Carphone Warehouse has been handed one of the largest ever fines – a whopping £400,000 – from the UK’s data protection watchdog after exposing the details of millions of its customers.
An investigation by the Information Commissioner’s Office found a “striking” number of “distinct and significant inadequacies” in the phone company’s security arrangements.
This allowed the miscreants behind a cyber attack that originated from an IP address in Vietnam in the summer of 2015 - and which went on for a whopping 15 days before being detected - to gain access to millions of individuals personal information.
Commissioner Elizabeth Denham said: “The deficiencies in Carphone Warehouse’s technical and organisational measures created real risks of such data breaches [and] played an essential causal role in this particular incident.”
Affected information included the names, dates of birth, addresses and phone numbers of more than 3 million customers; the staff records - including car registration numbers and work usernames - of 1,000 employees; and historic transaction details - like card numbers and expiry dates - for March 2010 to April 2011 for 18,231 payment cards.
The £400,000 fine matches the record fine doled out to TalkTalk in 2016, with the ICO saying that the “glaring shortcomings” in Carphone Warehouse’s systems should have been identified earlier.
“It is particularly concerning that a number of the inadequacies related to basic, commonplace measures needed for any such system,” commissioner Denham said in her report.
“These inadequacies appear to have persisted over a relatively long period of time, given how easily and quickly some of these glaring shortcoming should have been identified and remedied.”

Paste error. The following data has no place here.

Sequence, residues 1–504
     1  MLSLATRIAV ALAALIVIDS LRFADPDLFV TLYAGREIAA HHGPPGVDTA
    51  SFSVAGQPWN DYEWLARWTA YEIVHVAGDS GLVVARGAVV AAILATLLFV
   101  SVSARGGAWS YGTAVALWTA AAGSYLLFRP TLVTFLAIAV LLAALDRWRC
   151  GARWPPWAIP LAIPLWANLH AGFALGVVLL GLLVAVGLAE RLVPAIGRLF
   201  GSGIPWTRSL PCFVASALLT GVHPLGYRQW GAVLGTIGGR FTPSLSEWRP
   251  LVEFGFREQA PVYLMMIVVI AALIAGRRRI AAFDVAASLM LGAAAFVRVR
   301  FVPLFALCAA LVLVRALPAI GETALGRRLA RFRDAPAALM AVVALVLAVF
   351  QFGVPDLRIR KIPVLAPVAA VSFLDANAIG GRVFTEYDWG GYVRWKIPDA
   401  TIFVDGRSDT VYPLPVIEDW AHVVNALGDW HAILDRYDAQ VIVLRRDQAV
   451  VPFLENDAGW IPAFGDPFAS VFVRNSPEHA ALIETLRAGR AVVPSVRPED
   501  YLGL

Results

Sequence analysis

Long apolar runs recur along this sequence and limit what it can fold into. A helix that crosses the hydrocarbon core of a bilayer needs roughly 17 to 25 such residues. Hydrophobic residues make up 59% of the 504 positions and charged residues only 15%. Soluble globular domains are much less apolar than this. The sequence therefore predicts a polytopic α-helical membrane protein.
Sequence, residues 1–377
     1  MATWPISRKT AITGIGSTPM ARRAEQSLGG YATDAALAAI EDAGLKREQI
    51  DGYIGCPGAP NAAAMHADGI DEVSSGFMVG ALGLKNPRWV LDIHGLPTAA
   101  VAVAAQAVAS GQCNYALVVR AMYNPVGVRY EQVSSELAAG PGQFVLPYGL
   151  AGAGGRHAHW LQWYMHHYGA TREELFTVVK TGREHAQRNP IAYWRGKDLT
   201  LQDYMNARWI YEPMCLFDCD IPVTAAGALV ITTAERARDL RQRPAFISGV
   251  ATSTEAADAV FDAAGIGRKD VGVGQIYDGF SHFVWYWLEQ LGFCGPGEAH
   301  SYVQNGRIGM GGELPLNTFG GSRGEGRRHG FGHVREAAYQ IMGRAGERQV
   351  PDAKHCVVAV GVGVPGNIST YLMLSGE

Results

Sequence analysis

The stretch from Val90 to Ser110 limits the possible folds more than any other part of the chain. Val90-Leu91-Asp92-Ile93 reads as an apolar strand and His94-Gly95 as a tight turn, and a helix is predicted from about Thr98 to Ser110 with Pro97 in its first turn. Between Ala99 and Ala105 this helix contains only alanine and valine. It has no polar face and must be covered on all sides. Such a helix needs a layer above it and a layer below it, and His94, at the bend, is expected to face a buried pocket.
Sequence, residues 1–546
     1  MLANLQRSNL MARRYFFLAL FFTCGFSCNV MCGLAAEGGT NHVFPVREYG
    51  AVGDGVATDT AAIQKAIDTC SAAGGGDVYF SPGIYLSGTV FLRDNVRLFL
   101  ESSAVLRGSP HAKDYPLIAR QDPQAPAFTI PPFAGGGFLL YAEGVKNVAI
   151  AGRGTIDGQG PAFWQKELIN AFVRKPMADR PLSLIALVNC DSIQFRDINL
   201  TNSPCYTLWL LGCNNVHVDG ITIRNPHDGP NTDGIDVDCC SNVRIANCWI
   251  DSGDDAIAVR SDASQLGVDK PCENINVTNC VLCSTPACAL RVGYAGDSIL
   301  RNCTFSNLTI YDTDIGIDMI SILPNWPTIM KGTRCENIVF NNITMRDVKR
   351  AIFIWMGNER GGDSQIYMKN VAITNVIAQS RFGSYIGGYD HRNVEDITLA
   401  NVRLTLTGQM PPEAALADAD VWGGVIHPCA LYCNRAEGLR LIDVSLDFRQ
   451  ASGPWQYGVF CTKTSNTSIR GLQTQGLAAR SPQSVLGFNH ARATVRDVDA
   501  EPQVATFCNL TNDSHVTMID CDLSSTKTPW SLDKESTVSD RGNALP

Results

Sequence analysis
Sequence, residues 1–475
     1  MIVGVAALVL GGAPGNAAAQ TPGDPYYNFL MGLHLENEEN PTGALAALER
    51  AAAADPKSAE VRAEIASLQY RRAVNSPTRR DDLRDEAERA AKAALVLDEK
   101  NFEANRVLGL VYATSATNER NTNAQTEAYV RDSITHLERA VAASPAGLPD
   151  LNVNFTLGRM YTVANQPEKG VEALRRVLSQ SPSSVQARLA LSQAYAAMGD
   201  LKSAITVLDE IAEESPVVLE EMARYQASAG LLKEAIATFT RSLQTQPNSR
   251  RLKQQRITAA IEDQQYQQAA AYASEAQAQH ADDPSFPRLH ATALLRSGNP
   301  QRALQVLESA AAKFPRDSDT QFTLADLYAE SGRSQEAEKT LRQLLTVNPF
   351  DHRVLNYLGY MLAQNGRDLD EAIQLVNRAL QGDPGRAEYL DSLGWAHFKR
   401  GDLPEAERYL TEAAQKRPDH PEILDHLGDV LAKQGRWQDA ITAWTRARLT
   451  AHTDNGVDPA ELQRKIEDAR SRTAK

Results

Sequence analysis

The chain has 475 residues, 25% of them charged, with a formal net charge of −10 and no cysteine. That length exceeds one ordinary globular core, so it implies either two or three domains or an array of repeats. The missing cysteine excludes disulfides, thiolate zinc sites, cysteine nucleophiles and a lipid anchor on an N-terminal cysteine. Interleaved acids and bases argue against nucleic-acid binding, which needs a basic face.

The report (PDF) details the vulns exploited by the attacker, who made a scan of the system using penetration testing tool Nikto.
It identified a “considerably out-of-date” WordPress installation that was exposed to the internet and “suffered from multiple vulnerabilities” the ICO said.
Via the WordPress installation, the attacker/s entered the system and uploaded web shells that were intended to give themselves basic file management and database functionality.
The hacker then located credentials in - yep, you guess it - plaintext, which they used to search and access information in numerous databases, including those containing personal data.
The ICO said the apparent aim was to extract “as much information as possible”. For instance, the payment information was located and accessed, with “a very realistic possibility” that it was exported.
The attacker also prepared and extracted a large file or files from the network, the contents of which cannot be determined - but the firm has worked on the worst-case assumption that they contained personal data.
As part of its assessment, the ICO commissioned two reports, which concluded that the attacker “clearly had everything he needed to take hold of the system and extract a large amount of information quickly”.
Carphone Warehouse said in a statement that it accepts the decision and is “very sorry for any distress or inconvenience” caused.
“Since the attack in 2015 we have worked extensively with cyber security experts to improve and upgrade our security systems and processes,” it said. ®